Cold and flu season can affect all family members, including your pets. Naturally, you want to keep your cat healthy during flu season. So, if you’re a new cat owner, you may be asking yourself, “can I give my cat the flu?” Fortunately, we sat down with Trupanion veterinarian Dr. Sarah Nold to learn more about cats and the flu and what you may expect from your best friend.
Can I give my cat the flu?
Naturally, with any disease or illness that can affect your pets, you may have concerns. You want your cat or kitten to have a healthy life, and an illness like the flu can prompt more questions. Nold weighs in what to consider during flu season.
“You can give the seasonal human flu to your cat, but the risk is low. Cats do not appear to get infected easily. For this reason, there’s no flu vaccine for cats. If you have the flu, consider avoiding close contact with your cat for as long as you are symptomatic. Also, the usual precautions of covering your cough, immediately throwing away used tissues, and frequent hand washing is helpful. “
Are there other cat health conditions similar to the flu?
Although the flu may not be as common for cats and kittens, there are similar cat health conditions that can affect your furry friend throughout the year. Nold breaks down what to look for when it comes to your cat’s health.
“Infectious feline upper respiratory tract infection can cause similar signs in cats as the human flu does in people. Unlike the human flu, it’s not seasonal. A variety of viruses and bacteria have been connected to the disease, as well as infection with more than one is common. Also, Infections are more common in places like catteries and animal shelters, where there’s a higher population density of cats. Ideally, cats with upper respiratory symptoms should be isolated from other cats.”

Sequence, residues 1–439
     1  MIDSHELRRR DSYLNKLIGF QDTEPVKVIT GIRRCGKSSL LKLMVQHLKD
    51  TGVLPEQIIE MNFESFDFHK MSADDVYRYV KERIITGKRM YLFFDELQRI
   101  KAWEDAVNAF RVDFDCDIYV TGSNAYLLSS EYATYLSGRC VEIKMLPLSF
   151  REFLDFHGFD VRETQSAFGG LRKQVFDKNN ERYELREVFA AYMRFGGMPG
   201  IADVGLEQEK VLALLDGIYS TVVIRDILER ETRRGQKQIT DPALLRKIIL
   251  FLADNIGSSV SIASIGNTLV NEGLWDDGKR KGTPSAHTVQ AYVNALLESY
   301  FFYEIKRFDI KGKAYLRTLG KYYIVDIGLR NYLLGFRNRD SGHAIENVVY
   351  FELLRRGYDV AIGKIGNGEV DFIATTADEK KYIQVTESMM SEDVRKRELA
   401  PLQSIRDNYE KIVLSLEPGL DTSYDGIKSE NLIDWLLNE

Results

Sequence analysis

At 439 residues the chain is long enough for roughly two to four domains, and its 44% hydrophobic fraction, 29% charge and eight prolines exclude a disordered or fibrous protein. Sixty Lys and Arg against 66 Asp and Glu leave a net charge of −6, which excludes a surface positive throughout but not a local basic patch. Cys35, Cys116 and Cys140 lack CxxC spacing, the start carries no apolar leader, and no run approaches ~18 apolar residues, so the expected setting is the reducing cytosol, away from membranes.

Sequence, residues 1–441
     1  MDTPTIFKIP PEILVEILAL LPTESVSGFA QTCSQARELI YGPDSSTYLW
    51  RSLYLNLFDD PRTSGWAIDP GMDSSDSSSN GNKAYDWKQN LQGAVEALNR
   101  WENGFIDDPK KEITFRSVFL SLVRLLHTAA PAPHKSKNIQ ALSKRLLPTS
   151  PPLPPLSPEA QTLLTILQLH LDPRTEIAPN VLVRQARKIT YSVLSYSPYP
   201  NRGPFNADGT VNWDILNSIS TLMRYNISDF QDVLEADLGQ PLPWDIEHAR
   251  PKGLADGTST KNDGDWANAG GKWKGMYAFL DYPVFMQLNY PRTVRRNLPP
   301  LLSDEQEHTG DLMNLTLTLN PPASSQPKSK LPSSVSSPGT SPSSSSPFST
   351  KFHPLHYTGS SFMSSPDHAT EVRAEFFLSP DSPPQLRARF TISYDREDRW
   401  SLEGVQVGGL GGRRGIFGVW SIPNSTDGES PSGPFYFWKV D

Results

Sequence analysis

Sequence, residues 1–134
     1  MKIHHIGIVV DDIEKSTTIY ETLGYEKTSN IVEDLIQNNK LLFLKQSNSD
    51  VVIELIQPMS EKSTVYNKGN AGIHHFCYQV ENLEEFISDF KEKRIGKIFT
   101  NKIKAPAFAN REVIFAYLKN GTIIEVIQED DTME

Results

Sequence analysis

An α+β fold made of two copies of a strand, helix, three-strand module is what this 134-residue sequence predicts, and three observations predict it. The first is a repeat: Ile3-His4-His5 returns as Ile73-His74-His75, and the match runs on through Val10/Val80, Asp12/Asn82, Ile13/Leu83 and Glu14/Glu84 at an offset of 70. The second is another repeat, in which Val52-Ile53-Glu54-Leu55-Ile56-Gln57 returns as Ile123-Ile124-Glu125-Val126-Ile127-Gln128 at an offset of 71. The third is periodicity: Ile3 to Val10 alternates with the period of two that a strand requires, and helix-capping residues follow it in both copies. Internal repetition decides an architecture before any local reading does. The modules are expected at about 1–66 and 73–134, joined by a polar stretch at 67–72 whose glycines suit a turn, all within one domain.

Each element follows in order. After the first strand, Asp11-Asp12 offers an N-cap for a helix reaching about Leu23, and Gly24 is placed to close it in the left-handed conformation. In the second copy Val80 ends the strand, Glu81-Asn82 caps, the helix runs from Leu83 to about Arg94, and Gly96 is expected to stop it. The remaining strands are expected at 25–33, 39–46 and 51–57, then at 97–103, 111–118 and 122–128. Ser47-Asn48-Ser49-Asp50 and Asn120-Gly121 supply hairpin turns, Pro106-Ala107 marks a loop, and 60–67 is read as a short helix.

Signs of an upper respiratory infection in cats and kittens
Every cat and kitten is different and may react differently when they’re sick. Naturally, some cats may not always let you know they’re feeling unwell. Nold points out common signs your cat and kitten may experience if they have an upper respiratory tract disease.
Consider the following:
Your cat and kitten may not always experience all of these signs. If your pet appears to feel unwell, please seek the medical care of your veterinarian. They can run some diagnostic tests and determine the next best steps for your best friend.
Treatment options for your cat and kitten
Naturally, depending on the severity of your cat’s infection, they may need different forms of treatment. At the end of the day, all you want is for your furry family member to feel better. Consider giving your cat the chance to rest and relax while they recoup from feeling unwell. Nold mentions the supportive treatment that may be prescribed by your veterinarian to help your pet feel better.
- A humidifier or steamy bathroom may help your cat with breathing.
- Consider offering warm foods with a strong smell, which may help encourage eating.
- Antibiotics and appetite stimulants may be helpful during your cat’s treatment.
- If your cat is in respiratory distress or is refusing to eat, hospitalization may be necessary.
No matter the season, your cat can get an infection at any time. Naturally, the colder season may prompt more sniffles from your pet. But by talking with your veterinarian, staying on your pet’s treatment plan, and giving lots of snuggles to your furry family member, your cat may be back to playing in no time at all!
For more on cat health, read Five Common Cat Health Problems for Adopted Cats